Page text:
Truth-based policies and the way they transform the public pose an existential threat to past studies.
On January 27, 2020, the 75th anniversary of the liberation from Auschwitz. The existence of the Nazi concentration and extermination camps, and in particular the campaign to eradicate the Jewish people, is one of the best documented events in history. But five months before the anniversary, director Ken Loach was asked on tape: "There was a discussion about the Holocaust – did it happen or not?" And he replied: "I think history is there for all of us to discuss , “History is a discursive topic, but when asked about the denial of the Holocaust, Loach's answer was at best an ambiguity that said the fact of the Holocaust was up for debate. A few days later, Loach wrote a letter to the Guardian to "clarify" that his "words have been twisted" and "the Holocaust is as real as the Second World War itself and not to be questioned".
Before the anniversary, there were several new books on Auschwitz and other camps. The volunteer: The real story of the resistance hero who infiltrated Auschwitz by Jack Fairweather, who received the Costa Biography Award, was one of my books from 2019 because it told the story of Polish resistance fighter Witold Pilecki, who decided to travel to Auschwitz and witness his horrors. Its great strength lies in research: it is based on around 3,000 reports from Auschwitz and does not dare to go beyond what these reports can tell us. Fairweather wanted to be guided by Pilecki's own rule: "Nothing should be" exaggerated ": Even the smallest book would profane the memory of the fine people who lost their lives there." But there were other books that had it all Another approach to their research material: they fictionalized, took liberties and failed to critically examine their sources. They were full of little rags. The urge to write compelling narrative history – writing history that reads like a novel – can, in the wrong hands, lead to a story written like a novel.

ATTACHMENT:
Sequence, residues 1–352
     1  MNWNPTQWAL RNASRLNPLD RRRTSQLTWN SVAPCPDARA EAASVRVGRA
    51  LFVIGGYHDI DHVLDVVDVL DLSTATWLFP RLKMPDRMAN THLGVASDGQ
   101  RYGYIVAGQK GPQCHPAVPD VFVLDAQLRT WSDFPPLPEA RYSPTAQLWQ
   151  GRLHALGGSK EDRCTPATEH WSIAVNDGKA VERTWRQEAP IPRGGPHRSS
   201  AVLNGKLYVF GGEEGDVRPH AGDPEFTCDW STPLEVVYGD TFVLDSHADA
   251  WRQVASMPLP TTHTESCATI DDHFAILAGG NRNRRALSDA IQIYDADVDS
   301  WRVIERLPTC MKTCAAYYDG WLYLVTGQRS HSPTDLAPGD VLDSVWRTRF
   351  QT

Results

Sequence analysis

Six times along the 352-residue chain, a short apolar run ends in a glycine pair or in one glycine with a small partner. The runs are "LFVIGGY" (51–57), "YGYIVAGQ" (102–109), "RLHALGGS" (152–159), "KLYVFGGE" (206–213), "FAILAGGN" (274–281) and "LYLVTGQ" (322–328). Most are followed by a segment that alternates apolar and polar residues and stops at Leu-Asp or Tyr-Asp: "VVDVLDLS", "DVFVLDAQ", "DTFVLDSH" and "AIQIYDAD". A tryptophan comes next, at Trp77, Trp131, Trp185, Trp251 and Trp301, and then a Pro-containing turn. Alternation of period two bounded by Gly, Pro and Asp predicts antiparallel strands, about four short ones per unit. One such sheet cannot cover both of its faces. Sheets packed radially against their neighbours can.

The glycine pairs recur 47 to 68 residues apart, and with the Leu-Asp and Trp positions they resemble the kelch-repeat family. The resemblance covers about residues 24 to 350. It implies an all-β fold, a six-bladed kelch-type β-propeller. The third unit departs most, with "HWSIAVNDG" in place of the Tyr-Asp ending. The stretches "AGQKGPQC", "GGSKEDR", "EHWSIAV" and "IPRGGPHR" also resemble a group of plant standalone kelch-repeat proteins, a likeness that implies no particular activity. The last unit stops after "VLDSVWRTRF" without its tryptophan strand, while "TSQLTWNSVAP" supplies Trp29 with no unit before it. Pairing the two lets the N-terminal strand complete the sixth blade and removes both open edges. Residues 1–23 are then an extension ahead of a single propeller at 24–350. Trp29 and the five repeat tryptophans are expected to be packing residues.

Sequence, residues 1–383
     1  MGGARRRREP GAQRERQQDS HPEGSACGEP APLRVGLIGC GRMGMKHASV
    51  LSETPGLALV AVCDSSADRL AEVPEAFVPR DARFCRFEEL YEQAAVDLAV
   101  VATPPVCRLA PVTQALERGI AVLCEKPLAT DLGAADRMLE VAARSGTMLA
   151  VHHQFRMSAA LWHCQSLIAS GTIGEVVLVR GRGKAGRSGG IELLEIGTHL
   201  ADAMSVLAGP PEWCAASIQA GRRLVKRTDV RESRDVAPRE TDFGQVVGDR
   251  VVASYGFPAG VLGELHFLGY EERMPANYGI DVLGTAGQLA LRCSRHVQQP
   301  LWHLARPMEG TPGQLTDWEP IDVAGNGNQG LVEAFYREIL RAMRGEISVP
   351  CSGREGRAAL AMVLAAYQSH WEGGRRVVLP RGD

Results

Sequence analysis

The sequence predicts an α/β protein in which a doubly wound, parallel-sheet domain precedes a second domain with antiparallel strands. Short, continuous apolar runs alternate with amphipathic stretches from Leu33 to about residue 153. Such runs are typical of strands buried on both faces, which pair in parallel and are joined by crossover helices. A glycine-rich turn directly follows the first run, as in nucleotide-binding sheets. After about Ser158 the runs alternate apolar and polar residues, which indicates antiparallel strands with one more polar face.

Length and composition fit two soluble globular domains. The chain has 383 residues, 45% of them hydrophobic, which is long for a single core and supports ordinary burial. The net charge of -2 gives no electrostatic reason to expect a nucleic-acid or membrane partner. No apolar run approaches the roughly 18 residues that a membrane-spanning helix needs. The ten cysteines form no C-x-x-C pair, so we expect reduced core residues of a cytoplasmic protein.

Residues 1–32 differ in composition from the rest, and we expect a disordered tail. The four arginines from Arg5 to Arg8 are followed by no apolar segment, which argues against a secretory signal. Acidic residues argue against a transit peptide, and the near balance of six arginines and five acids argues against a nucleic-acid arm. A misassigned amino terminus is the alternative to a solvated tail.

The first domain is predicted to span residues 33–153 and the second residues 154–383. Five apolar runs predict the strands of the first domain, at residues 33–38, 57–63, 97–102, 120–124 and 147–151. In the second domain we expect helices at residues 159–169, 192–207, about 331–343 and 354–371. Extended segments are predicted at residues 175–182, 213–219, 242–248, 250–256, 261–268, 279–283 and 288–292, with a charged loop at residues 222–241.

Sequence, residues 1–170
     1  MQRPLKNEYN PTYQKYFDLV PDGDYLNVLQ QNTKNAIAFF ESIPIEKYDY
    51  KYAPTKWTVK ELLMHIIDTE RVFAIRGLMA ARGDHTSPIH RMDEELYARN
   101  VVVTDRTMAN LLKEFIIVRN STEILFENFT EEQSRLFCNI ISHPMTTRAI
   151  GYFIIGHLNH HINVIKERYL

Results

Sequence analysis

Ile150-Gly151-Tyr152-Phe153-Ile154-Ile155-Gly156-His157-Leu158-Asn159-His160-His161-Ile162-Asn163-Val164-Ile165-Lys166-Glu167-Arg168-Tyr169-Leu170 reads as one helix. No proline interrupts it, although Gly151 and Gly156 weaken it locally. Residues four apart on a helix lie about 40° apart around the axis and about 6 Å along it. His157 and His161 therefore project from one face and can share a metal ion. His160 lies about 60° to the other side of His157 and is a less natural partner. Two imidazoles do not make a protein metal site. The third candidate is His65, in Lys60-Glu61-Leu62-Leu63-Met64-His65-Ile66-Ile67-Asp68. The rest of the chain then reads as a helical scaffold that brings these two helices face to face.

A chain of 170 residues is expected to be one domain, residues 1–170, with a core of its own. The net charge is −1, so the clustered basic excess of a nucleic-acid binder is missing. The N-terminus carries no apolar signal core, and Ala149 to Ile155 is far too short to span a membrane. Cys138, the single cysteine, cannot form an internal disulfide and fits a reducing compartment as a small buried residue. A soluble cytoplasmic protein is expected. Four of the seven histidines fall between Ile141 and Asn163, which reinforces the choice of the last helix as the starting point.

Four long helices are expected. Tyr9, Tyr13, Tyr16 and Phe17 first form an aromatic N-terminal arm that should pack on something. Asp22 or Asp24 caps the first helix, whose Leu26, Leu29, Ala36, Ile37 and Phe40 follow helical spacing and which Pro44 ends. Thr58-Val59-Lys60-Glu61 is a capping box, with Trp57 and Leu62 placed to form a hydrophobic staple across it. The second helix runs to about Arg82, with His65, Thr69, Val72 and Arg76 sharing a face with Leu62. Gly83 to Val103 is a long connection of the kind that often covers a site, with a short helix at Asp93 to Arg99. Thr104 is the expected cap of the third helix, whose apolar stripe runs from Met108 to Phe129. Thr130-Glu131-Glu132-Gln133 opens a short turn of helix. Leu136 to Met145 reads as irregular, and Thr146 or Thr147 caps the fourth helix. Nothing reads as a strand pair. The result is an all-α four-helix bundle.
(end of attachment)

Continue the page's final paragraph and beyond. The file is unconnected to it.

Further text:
The context of Loach's remarks and the publication of these books is a world in which the way we deal with the truth has changed. During the 2019 election campaign, British politics seemed to have followed America's path in 2016: lies, "alternative facts" and misinformation, as well as avoiding accountability or control – all without apparent consequence. Is it a coincidence that claims that anti-Semitism has been properly treated are false?
Politicians certainly lied as long as they existed, but there was something new here: liars no longer crouch in the face of the truth. False claims were boldly repeated, despite evidence to the contrary.
Postmodernity tells us that objective truth is difficult to achieve. that facts exist but are not accessible. But now even the idea that truth can be found is being eroded. In the run-up to the elections, this became clear in everyday political discourse when intelligent people said things like, "It's hard to know who to believe," "I don't believe anyone anymore," and "I can't believe it" when I do haven't seen with my own eyes. “Subjectivity is everything.
This is deeply problematic for historians. Our understanding of the truth may be flawed and imperfect – after all, we are human beings – but the possibility of ruling out what happened – at least giving up the full truth – is deeply nihilistic. We live in a sea of misinformation, half-truths and ultimately indifference and narcissism. If everything we believe is what we experience, then what we experience is everything that appeals.
But our current environment offers another twist on the knife. A world after truth is a world in which objective standards of truth disappear. where a lie does not collapse in the face of evidence to the contrary and people become indifferent to the facts. Here the objective historical truth either does not exist or does not matter if it does. Studying the past has no meaning. And the consequences are terrible: if there is no truth, then there are no lies. The burning red lie of the Holocaust denial stops being wrong. And then we should be very scared, because "those who deny Auschwitz would be willing to redesign it" (Primo Levi).
Suzannah Lipscomb is Professor of History at the University of Roehampton and author of The Voices of Nîmes: Women, Sex and Marriage in Languedoc in the Early Modern Period (Oxford, 2019).